Note: This review was written in cooperation with Future Sack editor Annagram.
Two years after the sequel, Black Mirror III materialized, but the finale didn’t come without its problems, although for a Halloween special, it certainly has its moments.
Black Mirror III (PC)
(Germany 2011, developer: Cranberry Production (defunct), publisher: THQ Nordic, platform: PC)
The curse of the Gordon family has found a new victim in Darren Michaels, but he still tries to free himself from the age-old shackles to prevent more murders.
Remembering and forgetting the past
The final part of a trilogy is always associated with high expectations and too often disappointment. Unfortunately Black Mirror III falls into the trap of trying too much with the original mythology and contradicting it in so many ways that it becomes nonsensical and downright offending to the intelligence of its fan base. Without spoiling too much, suffice it to say that the whole Gordon curse history is expanded in a way that makes little to no sense on so many levels.
Even if the first two games became more trash than Gothic or thriller story in their final chapters, the balance was always right and their conclusions more or less convincing. Here these moments of ridiculous turn of events or weird situations become more frequently when Darren suddenly speaks in a different voice and experiences visions of violence. This would have made for a suspenseful and tragic story with some dark humor thrown in. However, it turns out that there’s simply no engaging plot and character development.
Intentionally or unintentionally funny storytelling
While its predecessors did a great job of slowly building tension and introducing characters who were memorable to a certain degree, the third game has no direction, as if the writers didn’t know how to fill 10 hours of playtime. Having a police chief who’s even more aggressive than Darren without any apparent reason and more characters who aren’t fun to talk with, e.g. a psychotherapist whose babble is a drag to listen to, doesn’t help a story that is full of illogical events and narrative holes. The twists are forced and the final chapters so silly that one takes the whole proceedings less seriously. It’s only too bad that the dark humor and horror elements are too few to make it more enjoyable in a guilty kind of way.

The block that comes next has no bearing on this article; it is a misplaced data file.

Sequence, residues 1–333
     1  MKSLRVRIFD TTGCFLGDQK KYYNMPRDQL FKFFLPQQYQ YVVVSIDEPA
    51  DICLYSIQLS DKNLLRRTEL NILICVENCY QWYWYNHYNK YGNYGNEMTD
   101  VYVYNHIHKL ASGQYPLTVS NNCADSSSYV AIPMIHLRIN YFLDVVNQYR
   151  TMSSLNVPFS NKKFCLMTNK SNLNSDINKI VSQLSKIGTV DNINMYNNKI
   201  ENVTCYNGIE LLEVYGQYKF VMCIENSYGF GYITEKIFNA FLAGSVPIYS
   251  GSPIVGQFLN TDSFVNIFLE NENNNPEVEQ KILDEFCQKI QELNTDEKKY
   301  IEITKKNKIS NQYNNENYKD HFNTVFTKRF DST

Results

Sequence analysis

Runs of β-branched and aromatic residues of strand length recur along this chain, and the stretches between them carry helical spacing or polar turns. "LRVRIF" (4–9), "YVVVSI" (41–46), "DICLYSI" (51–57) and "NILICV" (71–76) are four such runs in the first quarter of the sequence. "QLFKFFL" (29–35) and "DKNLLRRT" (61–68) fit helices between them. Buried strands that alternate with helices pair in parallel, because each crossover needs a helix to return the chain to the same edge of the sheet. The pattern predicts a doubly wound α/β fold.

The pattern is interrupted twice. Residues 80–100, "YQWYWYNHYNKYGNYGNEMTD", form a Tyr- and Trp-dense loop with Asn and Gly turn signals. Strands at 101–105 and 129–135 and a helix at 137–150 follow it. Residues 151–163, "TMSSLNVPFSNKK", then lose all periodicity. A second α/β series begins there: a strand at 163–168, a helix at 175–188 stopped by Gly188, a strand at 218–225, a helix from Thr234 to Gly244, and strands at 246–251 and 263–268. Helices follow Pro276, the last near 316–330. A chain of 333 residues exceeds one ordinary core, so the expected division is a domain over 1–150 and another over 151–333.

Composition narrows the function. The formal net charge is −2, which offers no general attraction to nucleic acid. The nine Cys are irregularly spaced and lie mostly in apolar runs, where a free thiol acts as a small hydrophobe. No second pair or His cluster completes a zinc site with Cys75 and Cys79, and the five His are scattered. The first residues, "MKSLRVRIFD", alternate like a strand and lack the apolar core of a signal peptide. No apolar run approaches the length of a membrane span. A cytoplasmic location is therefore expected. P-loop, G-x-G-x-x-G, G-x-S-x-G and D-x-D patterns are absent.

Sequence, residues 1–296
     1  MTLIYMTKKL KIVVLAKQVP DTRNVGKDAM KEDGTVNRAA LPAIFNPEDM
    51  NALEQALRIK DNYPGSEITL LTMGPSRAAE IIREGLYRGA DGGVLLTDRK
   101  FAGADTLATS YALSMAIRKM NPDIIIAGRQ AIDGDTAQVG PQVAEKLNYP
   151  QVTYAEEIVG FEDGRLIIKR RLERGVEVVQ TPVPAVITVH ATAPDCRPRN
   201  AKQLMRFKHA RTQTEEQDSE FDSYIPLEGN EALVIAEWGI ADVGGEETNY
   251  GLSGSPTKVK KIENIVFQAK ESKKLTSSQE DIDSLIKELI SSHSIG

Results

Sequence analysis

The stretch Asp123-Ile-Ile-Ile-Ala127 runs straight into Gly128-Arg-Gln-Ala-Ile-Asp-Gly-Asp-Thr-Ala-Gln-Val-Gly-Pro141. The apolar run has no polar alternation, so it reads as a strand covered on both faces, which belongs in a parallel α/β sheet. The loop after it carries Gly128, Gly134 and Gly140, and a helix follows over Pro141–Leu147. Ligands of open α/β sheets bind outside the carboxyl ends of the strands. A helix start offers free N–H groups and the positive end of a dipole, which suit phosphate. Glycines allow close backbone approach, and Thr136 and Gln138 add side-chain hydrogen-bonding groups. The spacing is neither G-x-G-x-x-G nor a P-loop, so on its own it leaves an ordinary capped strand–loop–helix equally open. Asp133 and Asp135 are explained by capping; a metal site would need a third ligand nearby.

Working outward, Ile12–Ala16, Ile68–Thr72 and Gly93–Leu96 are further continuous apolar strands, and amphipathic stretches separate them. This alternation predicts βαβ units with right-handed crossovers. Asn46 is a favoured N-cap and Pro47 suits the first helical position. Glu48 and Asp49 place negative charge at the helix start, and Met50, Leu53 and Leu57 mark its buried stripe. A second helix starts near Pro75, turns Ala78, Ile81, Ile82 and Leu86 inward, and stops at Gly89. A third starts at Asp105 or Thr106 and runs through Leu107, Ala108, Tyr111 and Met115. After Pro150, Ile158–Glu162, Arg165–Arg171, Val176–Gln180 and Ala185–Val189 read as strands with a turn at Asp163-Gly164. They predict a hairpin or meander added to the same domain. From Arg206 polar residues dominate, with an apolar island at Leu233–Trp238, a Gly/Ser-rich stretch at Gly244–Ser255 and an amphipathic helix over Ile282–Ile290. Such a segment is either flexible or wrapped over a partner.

Fewer good puzzles are better than more bad ones
Puzzle design is also a huge letdown with too many trigger events that can’t be foreseen and object combinations that are made more difficult, because one can’t pick up or use items before they’re relevant. It’s commendable that Willow Creek is expanded and one spends more time in the castle of the Gordons, as it creates the illusion of non-linearity and more places to visit. But most of the time one simply doesn’t know what to do with few clues and goals provided. The inventory-based puzzles are okay, although the latter part of the game has some very annoying conundrums, e.g. when assembling a skeleton which doesn’t only require the right parts but also the pixel-perfect positions without any clues whatsoever. It’s also very frustrating that there are so many objects to click on in the environment that don’t have any significance for game progression.
Looking and sounding familiar
Graphically, there’s still a lot to admire in the art direction with some nicely drawn backgrounds and atmospheric cutscenes, even if character models and animations are as much re-used from the sequel as some locations give an alternative perspective of the first game. Music, sound design and voice acting are also quite good, although the latter isn’t sadly true for the English version with some pretty bad performances at times.
Disappointment in the final act
Black Mirror III is a disappointing conclusion to a great series of games for many reasons. One can’t shake the feeling that it would have been a better idea to add a few more hours of playtime to the second game, as there’s simply not enough story left to keep the player hooked. Despite some interesting ideas and shocking moments, boredom as well as frustration about all the illogical connections to the previous games’ mythologies set in. Even as a standalone game, it often fails to create interest in the characters or setting, while puzzle design is flawed as well, making this one of the weakest entries in an adventure game trilogy yet.
If you liked reading this article, make sure you pay a visit to Future Sack which kindly features it as well, and every LIKE or comment is appreciated on EMR’s Facebook page or FS’s Facebook page :). Or FOLLOW the blog on EMR’s Twitter page.
Using one of the GOG or Amazon links and buying the product also helps ;).